There’s been plenty of action at Y&R recently, with Jon Ramage departing and James Hurman cutting short his OE to join executive creative director Josh Moore at the top table alongside non-executive director Ross Goldsack. It also won the the ASX-listed Quickflix business for Australia and New Zealand in March and, with the help of Finch Productions, it’s just a campaign starring two aspiring actors/film buffs discussing the merits of the streaming service between takes.
Quickflix, “the first and only movie and TV streaming subscription service” in New Zealand, has been already advertising, albeit in a fairly low-budget, salesy kind of way to explain the offer. But even with good advertising, some wonder whether such a service can work in this market and, when it launched in late March, it called on the government to regulate exclusive content rights because they were hindering broadband uptake.
Its complaints appear to have fallen on deaf ears, however. And in a story on the NBR, Sky’s chief executive John Fellet gave it a serve for having unrealistic expectations.
“In every country, every TV provider has exclusive premium content arrangements and every TV provider – and telco for that matter – can bid for that content if they wish to,” he said. “The fact is the rights to the most-watched TV shows in New Zealand sit with TVNZ and MediaWorks exclusively, not Sky, yet Quickflix doesn’t seem to complain about that … When Quickflix head Chris Taylor was CEO of Prime in New Zealand, he did exclusive deals for shows like Top Gear and Weeds. Would he now surrender those to online start-ups? I very much doubt it. Likewise in Australia he holds exclusive rights for HBO content [Sky has the rights in New Zealand, so it’s lacking a bit of enticing TV content here]. I doubt he offered them to channel 7, 9 or 10.”
Even so, it has aggressive growth plans for both countries and it recently announced that Time Warner‐owned HBO had taken a 16 percent stake in the company (Y&R’s Moore says customer numbers will be released once the campaign has been running for a few months).
Internationally, things are moving in the streaming direction. In the USA, Netflix accounts for nearly 20 percent of internet traffic; in the UK, BBC iPlayer has similar numbers, in France, consumers have a choice of over 50 on-demand and streaming sport, television and movie services delivered over the internet; and all the major local broadcasters, as well as sites like Ziln and publishers like Fairfax with its IPTV offer, are experiencing big increases for On-demand viewing.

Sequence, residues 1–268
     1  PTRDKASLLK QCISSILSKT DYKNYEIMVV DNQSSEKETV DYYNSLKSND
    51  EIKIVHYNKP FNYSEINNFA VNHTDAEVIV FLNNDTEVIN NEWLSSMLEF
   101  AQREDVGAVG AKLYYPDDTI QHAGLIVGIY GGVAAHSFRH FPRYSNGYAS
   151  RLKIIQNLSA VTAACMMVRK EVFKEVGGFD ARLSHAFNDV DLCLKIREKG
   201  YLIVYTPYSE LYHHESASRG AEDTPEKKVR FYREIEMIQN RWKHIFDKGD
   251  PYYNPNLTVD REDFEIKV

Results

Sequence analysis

Orcon and Slingshot have decided to zero-meter the service so that it doesn’t count towards data allowances, but when Vodafone’s chief executive Russell Stanners was asked whether Quickflix was competition for Sky TV at the Telecommunications and ICT Summit in Auckland recently, he told ComputerWorld: “Saying Quickflix competes with Sky is like saying the corner dairy competes with Countdown.”
TelstraClear’s Alan Freeth said Quickflix wouldn’t ”be successful until Telecom and TelstraClear decide to unmeter it” and he felt TelstraClear’s current contract with Sky TV would prevent that from happening.
Client: Quickflix Australasia
Client contacts: Liz Katsiotis CMO, Chris
Agency: Y&R Auckland
Executive Creative Director: Josh Moore
Creative Director: Maria Ward
Creative: Tom Paine, Josh Moore, Maria
Account Director: Julie Reeves
Head Producer: Christina Hazard
Media Agency: MEC Auckland
Business Director Media: Lee Griffiths
TV Buyer: Tatiana Strudwick
Digital Media Strategist: Anna Matthews
Production Company: Finch
Director: Alex Roberts
Producer: Roi MacGregor
Executive Producer: Rob Galluzzo
Executive Producer: Cath Anderson
Executive Producer: Karen Bryson
DOP: Aaron Morton
Gaffer: Giles Coburn
Key Grip: Tommy Park
Casting: Catch Casting
Art Director: Pete Sweeney
Wardrobe: Kylee Strathdee
Editor: Alex Roberts
Audio Post: Franklin Road